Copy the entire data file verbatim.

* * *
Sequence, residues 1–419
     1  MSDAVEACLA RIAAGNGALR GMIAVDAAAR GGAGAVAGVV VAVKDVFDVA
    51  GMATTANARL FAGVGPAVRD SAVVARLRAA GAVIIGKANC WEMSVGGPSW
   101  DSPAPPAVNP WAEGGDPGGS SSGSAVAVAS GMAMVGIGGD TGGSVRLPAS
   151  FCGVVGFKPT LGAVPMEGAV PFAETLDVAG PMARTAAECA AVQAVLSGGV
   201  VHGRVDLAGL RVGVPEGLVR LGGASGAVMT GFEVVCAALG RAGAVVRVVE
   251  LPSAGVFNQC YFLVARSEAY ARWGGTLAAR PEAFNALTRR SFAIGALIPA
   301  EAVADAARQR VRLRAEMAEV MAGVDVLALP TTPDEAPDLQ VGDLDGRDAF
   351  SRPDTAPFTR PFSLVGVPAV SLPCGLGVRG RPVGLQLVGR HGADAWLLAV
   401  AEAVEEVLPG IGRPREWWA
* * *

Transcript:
Sequence, residues 1–419
     1  MSDAVEACLA RIAAGNGALR GMIAVDAAAR GGAGAVAGVV VAVKDVFDVA
    51  GMATTANARL FAGVGPAVRD SAVVARLRAA GAVIIGKANC WEMSVGGPSW
   101  DSPAPPAVNP WAEGGDPGGS SSGSAVAVAS GMAMVGIGGD TGGSVRLPAS
   151  FCGVVGFKPT LGAVPMEGAV PFAETLDVAG PMARTAAECA AVQAVLSGGV
   201  VHGRVDLAGL RVGVPEGLVR LGGASGAVMT GFEVVCAALG RAGAVVRVVE
   251  LPSAGVFNQC YFLVARSEAY ARWGGTLAAR PEAFNALTRR SFAIGALIPA
   301  EAVADAARQR VRLRAEMAEV MAGVDVLALP TTPDEAPDLQ VGDLDGRDAF
   351  SRPDTAPFTR PFSLVGVPAV SLPCGLGVRG RPVGLQLVGR HGADAWLLAV
   401  AEAVEEVLPG IGRPREWWA